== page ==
GexagonVR’s horrifically twisted take on the VR escape room experience, Nevrosa: Escape, might not be the most recent release. In fact, having launched back in December of 2017, it has definitely had some time to mature. However, when a game with an already impressive Steam rating gets a face-lift and reduced price, it’s kinda hard not to take notice.
So, we have decided to return to the old family estate and see if this escape room game is aging like fine wine, or stinky cheese. Fair warning, this game contains blood magic and interdimensional themes. You may want to bring along your giant eldritch spider repellent and if bug-eyed homunculi make you queasy, turn back now. Today we are diving headfirst into the weirdness that is Nevrosa and seeing if it lives up to its new $14.99 price tag.
A Room Within A Room
If you are new to the idea of escape room games, I will not explain it to you. Instead, I will give you a moment to think about what you have just read. All caught up? Good. Nevrosa: Escape is an escape room game. Like most, you need to solve various puzzles, perform tedious tasks, and ultimately escape the room you are trapped in. In this game, that room happens to be a laboratory that also happens to contain a terrifying man-creature.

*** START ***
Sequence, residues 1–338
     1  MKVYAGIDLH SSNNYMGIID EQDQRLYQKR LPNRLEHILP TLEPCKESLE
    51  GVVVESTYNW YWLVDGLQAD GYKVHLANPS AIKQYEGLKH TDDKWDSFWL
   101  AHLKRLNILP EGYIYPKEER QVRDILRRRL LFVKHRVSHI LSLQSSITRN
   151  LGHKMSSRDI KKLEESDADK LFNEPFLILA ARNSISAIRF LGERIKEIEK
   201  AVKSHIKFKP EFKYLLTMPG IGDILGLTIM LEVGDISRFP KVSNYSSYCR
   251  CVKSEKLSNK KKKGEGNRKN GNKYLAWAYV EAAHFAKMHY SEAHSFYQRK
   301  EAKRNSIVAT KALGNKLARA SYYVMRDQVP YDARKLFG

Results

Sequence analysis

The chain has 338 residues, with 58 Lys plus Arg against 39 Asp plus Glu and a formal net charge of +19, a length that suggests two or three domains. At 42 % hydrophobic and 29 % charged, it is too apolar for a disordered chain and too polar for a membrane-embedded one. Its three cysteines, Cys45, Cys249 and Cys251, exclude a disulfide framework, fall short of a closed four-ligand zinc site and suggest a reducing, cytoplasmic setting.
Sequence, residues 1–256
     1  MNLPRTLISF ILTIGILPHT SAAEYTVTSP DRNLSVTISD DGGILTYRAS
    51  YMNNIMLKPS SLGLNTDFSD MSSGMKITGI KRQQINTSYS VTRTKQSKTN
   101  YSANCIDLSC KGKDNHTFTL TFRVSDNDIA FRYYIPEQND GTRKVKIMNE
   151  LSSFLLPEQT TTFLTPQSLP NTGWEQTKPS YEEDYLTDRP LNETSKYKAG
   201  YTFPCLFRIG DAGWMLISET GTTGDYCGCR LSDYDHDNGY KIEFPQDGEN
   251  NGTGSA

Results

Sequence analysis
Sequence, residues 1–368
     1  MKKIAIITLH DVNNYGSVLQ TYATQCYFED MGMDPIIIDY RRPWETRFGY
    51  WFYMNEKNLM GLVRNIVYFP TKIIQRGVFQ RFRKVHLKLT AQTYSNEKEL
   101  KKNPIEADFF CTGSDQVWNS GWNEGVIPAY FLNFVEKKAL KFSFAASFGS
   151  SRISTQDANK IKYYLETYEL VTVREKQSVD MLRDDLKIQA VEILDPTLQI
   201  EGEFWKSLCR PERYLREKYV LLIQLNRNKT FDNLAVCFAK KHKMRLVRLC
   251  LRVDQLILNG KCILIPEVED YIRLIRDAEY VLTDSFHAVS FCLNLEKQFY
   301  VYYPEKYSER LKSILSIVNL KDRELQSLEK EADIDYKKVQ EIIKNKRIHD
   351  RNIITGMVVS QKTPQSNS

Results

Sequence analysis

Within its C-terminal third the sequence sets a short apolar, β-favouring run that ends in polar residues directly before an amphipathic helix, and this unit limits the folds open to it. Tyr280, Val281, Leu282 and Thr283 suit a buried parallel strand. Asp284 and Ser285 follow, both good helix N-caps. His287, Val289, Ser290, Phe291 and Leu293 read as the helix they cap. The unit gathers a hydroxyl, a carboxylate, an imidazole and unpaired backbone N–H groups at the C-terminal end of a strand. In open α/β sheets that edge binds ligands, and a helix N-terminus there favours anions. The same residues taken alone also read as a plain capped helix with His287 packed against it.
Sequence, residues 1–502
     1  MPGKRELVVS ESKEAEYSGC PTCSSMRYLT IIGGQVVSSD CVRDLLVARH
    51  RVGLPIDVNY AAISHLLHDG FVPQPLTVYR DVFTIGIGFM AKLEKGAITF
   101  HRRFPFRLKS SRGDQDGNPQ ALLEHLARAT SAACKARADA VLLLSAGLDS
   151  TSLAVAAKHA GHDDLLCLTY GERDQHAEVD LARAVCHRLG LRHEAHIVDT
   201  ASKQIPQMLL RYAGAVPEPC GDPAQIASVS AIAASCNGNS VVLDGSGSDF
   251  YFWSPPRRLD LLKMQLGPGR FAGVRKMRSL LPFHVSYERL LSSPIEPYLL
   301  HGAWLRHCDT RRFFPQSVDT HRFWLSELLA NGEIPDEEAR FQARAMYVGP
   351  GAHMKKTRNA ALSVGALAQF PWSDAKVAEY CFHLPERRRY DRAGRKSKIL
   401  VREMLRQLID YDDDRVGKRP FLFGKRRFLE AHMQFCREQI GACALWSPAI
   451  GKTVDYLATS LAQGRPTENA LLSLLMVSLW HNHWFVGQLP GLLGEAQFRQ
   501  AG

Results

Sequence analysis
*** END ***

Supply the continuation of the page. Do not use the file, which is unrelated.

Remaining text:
Yes, Nevrosa takes the escape room concept we know and love and thrusts it right into one of Lovecraft’s nightmares. If you’re not spilling your blood to please an ancient artifact, your pumping blood into some steampunk style squirt gun, to shoot at spiders from another dimension, of course. Once you have overcome all manner of weirdness, you then face one last choice that leads to various ends to the nightmare.
Personally, I really love the idea of an escape room that isn’t bound completely by logic. Including the strange devices and mystic items, opened doors that allowed the game to take you beyond the setting, without actually leaving the room. The end result, is a game that takes place in a tiny lab where a simple outlandish shift in perspective can completely change the landscape.
Press All Buttons, Turn All Knobs
Most of the gameplay in Nevrosa revolves around reading clues and touching everything you possibly can in order to see how it works. The game does have a fair number of tasks for you to perform but is very light on actual puzzles to solve. However, the tasks are broken up with a smattering of action sequences that keep the pace from feeling too slow.
The action always involves you trying to survive while interacting with an object in order to get away. Think of it like an escape room within an escape room. This is one of the more unique gameplay elements in Nevrosa. An interdimensional doorway might send you to the spider infested cracks between worlds. Or, a cursed relic might shrink you down to the size of a mouse and have you fending off a monster from within a grandfather clock.
While this game has an interesting story, setting, and concept, none of the elements really stand up on their own. The tasks are not overly difficult, the story could be stronger, and the setting could use a little more atmosphere to drive home the dread. However, when everything is blended together, the result is intriguing enough to keep you pushing forward. Even after completion, I found myself wanting to go back to see what I missed.
Floppy Meat Hands